Twelve months ago Roger Federer said after winning the Australian Open that his team would “party like rock stars”. The 36-year-old Swiss was looking slightly the worse for wear here on Monday morning after successfully defending his title the previous evening, but put his appearance down simply to weariness.
“Honestly I’m just tired,” Federer said, having celebrated only briefly the previous evening following his victory over Marin Cilic. After winning his 20th Grand Slam title Federer did not leave Melbourne Park until 3am because of his post-match commitments, including a succession of media interviews, before joining friends and family in a bar.
“I only had a few hours’ sleep,” he said. “It was a nice relaxing evening last night. We really enjoyed ourselves, being together, away from the spotlight for a change, just with friends and family.”
Australian Open 2018: Men’s final
He added: “I think we were all a little bit tired last night, but the celebration continues once I get back to Switzerland. I’ve got more friends and family there. I’m just really excited that I’ve got nothing going on in the next couple of weeks. It’s all quiet so I can just really take time to celebrate No 20. It’s super-special. We’ll try to make the most of it.”
Nevertheless, it might not be long before Federer is back on the road. Victory here, combined with Rafael Nadal’s quarter-final exit, has left the world No 2 just 155 points behind his great rival and he admitted that he is considering entering next month’s Dubai Open, which could provide his best chance of replacing the Spaniard at the top of the rankings.
Federer has yet to confirm his schedule for the rest of the year, but given that he is likely to skip the entire clay-court season once again in order to focus on his Wimbledon preparations, his best chance of reclaiming the No 1 position could come next month.
The Swiss has maximum points to defend in Indian Wells and Miami in March, which means that Dubai might be his only opportunity to increase his rankings points tally before the start of the grass-court season.
Nadal is due to play in next month’s Acapulco tournament in the same week as Dubai. The world No 1 will be defending 300 points as last year’s runner-up, while Federer would have only 45 points to defend in Dubai. Nadal would therefore have to out-perform Federer that week to retain his No 1 position.
Although Nadal has entered Acapulco, he is recovering from the hip injury which forced him to retire during his quarter-final here last week against Marin Cilic. If he does not reappear until Indian Wells, Federer will automatically overtake him.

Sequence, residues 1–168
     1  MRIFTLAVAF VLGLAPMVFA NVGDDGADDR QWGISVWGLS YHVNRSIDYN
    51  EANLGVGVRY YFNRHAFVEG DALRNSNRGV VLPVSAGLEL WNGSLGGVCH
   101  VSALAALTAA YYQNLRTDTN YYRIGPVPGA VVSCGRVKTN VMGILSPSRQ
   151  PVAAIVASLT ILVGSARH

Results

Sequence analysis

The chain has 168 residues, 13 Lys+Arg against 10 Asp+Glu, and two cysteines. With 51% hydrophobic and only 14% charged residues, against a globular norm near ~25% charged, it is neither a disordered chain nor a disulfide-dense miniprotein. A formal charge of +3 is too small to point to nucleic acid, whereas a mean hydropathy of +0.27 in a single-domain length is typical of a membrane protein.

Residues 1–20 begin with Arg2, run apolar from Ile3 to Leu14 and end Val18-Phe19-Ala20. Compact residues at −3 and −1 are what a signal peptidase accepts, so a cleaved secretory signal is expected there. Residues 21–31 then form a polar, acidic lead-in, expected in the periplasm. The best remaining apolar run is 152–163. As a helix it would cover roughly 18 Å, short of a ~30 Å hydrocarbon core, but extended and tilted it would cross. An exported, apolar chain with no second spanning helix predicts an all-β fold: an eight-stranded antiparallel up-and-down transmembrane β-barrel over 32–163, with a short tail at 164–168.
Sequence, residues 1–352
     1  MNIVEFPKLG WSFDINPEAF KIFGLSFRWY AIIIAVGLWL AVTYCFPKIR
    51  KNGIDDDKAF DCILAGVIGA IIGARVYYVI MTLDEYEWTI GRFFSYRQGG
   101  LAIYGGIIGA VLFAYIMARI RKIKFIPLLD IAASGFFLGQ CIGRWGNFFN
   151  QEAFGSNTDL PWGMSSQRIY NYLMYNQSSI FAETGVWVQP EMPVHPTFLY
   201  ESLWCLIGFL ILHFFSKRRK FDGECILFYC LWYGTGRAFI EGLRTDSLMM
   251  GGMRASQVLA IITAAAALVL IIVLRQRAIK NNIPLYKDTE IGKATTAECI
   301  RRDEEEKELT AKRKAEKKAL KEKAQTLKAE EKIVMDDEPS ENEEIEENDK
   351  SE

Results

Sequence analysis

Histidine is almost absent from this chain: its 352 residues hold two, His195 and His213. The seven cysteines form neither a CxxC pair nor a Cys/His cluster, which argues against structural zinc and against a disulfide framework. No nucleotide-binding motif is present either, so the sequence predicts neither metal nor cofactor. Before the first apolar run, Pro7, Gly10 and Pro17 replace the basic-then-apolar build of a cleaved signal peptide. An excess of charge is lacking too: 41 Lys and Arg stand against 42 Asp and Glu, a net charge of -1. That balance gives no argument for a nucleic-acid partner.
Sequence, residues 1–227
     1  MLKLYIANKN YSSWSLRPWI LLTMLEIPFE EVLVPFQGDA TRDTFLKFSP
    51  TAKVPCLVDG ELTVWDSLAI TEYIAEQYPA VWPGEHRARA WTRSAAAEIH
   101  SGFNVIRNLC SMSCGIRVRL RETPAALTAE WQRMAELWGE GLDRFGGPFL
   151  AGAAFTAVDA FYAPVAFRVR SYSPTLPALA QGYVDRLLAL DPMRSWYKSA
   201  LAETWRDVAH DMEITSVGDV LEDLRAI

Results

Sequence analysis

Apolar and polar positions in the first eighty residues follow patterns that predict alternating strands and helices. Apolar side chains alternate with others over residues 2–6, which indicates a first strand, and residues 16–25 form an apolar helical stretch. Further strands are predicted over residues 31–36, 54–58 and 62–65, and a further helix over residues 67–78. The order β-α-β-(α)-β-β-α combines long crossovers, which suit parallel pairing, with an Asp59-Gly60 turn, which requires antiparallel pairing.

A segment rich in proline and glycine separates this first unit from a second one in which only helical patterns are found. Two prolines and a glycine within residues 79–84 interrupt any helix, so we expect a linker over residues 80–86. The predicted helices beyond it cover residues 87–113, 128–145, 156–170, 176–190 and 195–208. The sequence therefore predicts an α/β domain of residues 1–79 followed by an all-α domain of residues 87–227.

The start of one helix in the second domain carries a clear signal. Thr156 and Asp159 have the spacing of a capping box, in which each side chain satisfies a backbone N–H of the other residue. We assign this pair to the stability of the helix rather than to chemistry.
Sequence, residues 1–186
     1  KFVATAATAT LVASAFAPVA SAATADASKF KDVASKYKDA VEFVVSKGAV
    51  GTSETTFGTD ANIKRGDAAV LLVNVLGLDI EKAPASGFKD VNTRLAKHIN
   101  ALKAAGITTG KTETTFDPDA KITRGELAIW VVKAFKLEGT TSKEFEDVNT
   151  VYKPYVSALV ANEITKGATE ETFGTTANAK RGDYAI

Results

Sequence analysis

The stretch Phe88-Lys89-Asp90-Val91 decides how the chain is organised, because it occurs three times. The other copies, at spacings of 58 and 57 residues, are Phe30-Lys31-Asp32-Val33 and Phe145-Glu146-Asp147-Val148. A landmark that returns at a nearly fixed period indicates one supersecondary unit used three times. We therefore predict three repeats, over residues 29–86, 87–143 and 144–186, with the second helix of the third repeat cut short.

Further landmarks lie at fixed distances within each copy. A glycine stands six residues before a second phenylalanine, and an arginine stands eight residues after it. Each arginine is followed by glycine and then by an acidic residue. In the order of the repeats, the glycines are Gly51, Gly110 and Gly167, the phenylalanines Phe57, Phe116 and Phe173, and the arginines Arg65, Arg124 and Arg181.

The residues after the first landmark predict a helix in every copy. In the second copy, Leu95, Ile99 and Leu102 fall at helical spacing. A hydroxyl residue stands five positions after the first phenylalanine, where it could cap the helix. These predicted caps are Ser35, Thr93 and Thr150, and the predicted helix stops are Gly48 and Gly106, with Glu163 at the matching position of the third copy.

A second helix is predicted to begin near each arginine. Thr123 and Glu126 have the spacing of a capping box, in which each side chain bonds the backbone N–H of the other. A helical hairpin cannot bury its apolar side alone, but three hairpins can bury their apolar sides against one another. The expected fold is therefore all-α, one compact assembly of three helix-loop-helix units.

Federer, who last topped the world rankings six years ago, has not entered Dubai yet, but would be almost certain to receive a wild card if he requested one.
The Swiss has a warm-weather base in Dubai and admitted that he had been in talks with the tournament about playing there next month. He told organisers that he wanted to delay a decision until after the Australian Open.
“I also have to decide about the clay-court season, so all these things are inter-linked,” Federer said. “It’s possible I’ll play [in Dubai] but it’s also possible that maybe I just don’t play anything. It depends on how the next week or so goes. Then I’ll make a decision.”
Federer failed to say during his emotional on-court victory speech here that he looked forward to returning next year, which prompted some speculation that this might be his final season.
“I couldn’t really remember what I was saying at the end,” Federer said this morning after meeting Victoria’s State Governor, Linda Dessau, at Government House. “All I wanted to say was a big thank you. There are a lot of people to thank in a moment like this. But of course I hope to come back next year.”
Federer, who admitted that he felt very tired, had said before the tournament that there was no way that a 36-year-old should be considered the favourite to win the title. He admitted today that before it began he had been unsure about whether he would be able to win the title again.
“Like last year, I just felt that something was going to come in my way, that one guy would catch fire and I would not be able to stop him,” Federer said.
He joked: “Next year when I do come back I might actually believe I can win it – but then I probably won’t win it, so it’s better to stay really relaxed about my chances, especially in my later years on the tour. I think it’s served me well, that I stay more relaxed throughout.”
Having won his 20th Grand Slam singles title, Federer is four ahead of Nadal, his closest male rival, but four adrift of Margaret Court’s all-time record.
Australian Open – in pictures
Did he think it might be possible for him to match Court’s tally?
“I don’t think so,” Federer said. “I didn’t think 20 was ever possible to be honest. I think it’s too far. It’s not something I’m looking at. I’ve never thought about it to be honest. Those numbers are surreal. They’re amazing. I’d be very happy if it stays at 20.”
Federer said his victory here this year felt “more surreal” than his triumph 12 months ago. “I can’t believe I was able to defend my title after all these years and do it again,” he said. “It’s very special. Maybe this one is going to take longer to sink in but this is how it feels right now.”